Below you can read more about how the T6i performed in our specific lab tests.
If you're in the market for a beginner-friendly DSLR, you've undoubtably heard of Canon's Rebel line. The series has been a staple in the entry-level DSLR game since it debuted back in 2003 with the EOS 300D (aka the EOS Digital Rebel)–the very first DSLR offered for under $1,000. But while the 300D broke new ground, the Canon Rebel T2i (launched early 2010) was the camera that really catapulted the Rebel line into the limelight.
Thanks to its ease of use, flexibility, and excellent performance, the T2i was so successful that Canon more or less coasted, changing very little from the T2i right on through to last year's Canon Rebel T5i. With the new Canon Rebel T6i (MSRP $749.99 body-only) that's all changing; Canon is finally giving the Rebel line an actual, honest-to-goodness update.
Still, don't expect Canon to completely upend the apple cart. The T6i looks and operates almost exactly like the T5i, but it also brings a few new features to the table that lead us think that this Rebel could be different. Built-in WiFi and NFC, a higher resolution 24-megapixel sensor, and supposedly improved low light and continuous shooting show that, this time, Canon means business.
Evolution is slow, even for Rebels.
If you're looking for a drastic year-over-year change, the Canon Rebel line is not the place to look. While you eagle-eyed readers might notice that the T6i is a whopping 1% smaller and 4% lighter, it's more or less the same physical dimensions as past Canon DSLRs. Despite the name, there's more "evolution" than "revolution" to this Rebel.
If you compare the T6i to the now-ancient T2i, you'll undoubtedly notice a few buttons have shifted places. But other than some repositioned controls and an articulating screen, it's essentially like any other barebones DSLR. There's a large, accommodating grip, the lens mount, and a nice optical viewfinder to frame your shots with.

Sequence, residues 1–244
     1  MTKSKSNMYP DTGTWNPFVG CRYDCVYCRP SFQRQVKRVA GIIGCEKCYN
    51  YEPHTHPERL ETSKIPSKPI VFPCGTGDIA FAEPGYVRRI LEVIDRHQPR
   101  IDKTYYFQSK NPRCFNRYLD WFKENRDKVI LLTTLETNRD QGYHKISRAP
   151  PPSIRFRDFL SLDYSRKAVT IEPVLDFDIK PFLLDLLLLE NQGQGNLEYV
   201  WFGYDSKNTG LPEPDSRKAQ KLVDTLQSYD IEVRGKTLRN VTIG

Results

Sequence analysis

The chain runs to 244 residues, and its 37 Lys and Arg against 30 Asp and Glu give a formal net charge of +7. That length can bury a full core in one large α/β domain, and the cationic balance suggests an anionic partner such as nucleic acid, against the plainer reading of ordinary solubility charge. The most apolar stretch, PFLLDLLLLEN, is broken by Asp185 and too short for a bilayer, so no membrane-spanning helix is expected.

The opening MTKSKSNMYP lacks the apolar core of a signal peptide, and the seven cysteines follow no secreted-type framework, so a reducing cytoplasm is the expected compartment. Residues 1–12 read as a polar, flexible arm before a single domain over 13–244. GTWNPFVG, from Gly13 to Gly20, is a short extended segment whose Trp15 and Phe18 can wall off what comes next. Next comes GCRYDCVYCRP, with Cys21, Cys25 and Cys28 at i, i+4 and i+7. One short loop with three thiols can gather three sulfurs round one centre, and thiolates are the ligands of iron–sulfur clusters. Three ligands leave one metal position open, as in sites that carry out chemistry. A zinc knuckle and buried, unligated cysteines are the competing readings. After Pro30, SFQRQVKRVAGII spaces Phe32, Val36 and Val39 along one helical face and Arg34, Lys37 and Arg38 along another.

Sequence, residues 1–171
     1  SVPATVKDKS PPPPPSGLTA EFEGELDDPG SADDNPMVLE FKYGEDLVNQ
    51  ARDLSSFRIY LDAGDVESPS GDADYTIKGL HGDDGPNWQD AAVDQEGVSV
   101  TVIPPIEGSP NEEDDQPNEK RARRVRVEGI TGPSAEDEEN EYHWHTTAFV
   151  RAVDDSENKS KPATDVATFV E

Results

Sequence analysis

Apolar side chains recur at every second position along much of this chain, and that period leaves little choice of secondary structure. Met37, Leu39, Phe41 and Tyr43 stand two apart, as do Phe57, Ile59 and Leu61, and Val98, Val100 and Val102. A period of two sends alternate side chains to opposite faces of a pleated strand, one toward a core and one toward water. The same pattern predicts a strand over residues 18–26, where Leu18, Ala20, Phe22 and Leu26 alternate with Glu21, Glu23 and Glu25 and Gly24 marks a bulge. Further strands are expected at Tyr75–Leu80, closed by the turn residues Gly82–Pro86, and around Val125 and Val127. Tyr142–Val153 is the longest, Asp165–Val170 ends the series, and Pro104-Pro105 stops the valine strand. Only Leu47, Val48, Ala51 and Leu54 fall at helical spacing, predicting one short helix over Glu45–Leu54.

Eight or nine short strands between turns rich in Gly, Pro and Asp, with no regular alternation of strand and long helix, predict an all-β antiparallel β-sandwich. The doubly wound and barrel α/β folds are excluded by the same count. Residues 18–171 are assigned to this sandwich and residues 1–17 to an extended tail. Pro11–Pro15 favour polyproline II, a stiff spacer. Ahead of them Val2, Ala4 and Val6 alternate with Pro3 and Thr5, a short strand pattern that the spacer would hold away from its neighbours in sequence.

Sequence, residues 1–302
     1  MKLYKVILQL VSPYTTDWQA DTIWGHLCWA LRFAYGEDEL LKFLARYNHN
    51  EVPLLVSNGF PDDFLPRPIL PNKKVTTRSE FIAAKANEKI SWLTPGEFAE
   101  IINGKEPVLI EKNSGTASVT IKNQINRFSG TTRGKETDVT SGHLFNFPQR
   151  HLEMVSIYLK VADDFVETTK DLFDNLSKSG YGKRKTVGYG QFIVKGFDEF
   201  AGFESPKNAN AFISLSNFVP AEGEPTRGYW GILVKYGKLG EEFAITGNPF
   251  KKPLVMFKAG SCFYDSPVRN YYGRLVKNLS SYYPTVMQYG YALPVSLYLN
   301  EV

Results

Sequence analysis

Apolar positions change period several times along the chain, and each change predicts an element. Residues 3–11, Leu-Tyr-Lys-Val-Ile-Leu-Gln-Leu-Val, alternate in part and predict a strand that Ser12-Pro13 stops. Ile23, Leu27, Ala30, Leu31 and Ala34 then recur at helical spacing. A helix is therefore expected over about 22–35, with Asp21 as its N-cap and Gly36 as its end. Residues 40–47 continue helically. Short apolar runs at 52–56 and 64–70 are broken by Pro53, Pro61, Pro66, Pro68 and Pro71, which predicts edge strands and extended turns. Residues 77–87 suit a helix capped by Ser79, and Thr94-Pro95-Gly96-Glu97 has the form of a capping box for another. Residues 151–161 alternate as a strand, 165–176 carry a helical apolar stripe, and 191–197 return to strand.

Like many manufactures, Canon stays away from drastic changes in these entry-level cameras due to their popularity and the ease of use they offer new users. The controls are very deliberate and well labeled, making it easy to pick up and start shooting—especially if you've used a Canon DSLR before. The touchscreen is also returning, which works wonderfully whether you're navigating menus, reviewing shots, or controlling the camera via live view.
The majority of the physical controls are on the rear of the camera. This is where you can access the menus, use the quick selectors, and playback images you've shot. You can control everything via touchscreen or use the dedicated buttons–of which there are plenty–to navigate through white balance, focus modes, drive modes, color modes, and more. In typical Canon fashion almost all of this can be operated with just your right hand, leaving the left hand free to support the camera or operate zoom/focus rings.
Overall, the T6i is a very straightforward camera—whether you've used a DSLR before or not. Personally, I'm used to using high-end DSLRs. So at first the T6i made me feel a little under-equipped. But after adjusting to the camera's design, it actually proved pretty capable. It's not a pro camera, but it doesn't really need to be.
All of the color modes on the T6i are fairly accurate with the exception of Landscape–which boosts saturation as intended. If you're looking for the most accurate color possible, it's the Standard mode. Standard mode chimed in with a ∆C00 of 2.32, which is a bit worse than the best color mode on the T5i, but still good for an entry-level DSLR.
White balance is once again fantastic. Canon has proven time and time again that it knows white balance and the T6i is no different. Auto was able to keep daylight and fluorescent lighting within 100 kelvins almost every time. It did struggle a bit with incandescent–as most cameras do–but the custom setting and shooting RAW is an easy remedy.
The T6i's new processor is responsible for a 30% increase in resolution and we observed an increase in quality that reflected just that. While a new processor and sensor certainly make much needed improvements in quality, the T6i is being held back by its kit lens. The 18-55mm f/3.5-5.6 STM that comes with most of Canons kits in this range–while great for videographers because of silent focusing–is simply awful at capturing the fine details you'll expect out of a DSLR.